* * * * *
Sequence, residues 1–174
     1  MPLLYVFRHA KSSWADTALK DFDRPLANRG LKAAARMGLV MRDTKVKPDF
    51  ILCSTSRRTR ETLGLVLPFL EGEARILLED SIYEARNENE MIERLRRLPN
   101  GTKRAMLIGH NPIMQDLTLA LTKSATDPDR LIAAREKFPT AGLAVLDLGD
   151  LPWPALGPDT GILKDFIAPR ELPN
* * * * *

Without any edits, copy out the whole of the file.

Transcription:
Sequence, residues 1–174
     1  MPLLYVFRHA KSSWADTALK DFDRPLANRG LKAAARMGLV MRDTKVKPDF
    51  ILCSTSRRTR ETLGLVLPFL EGEARILLED SIYEARNENE MIERLRRLPN
   101  GTKRAMLIGH NPIMQDLTLA LTKSATDPDR LIAAREKFPT AGLAVLDLGD
   151  LPWPALGPDT GILKDFIAPR ELPN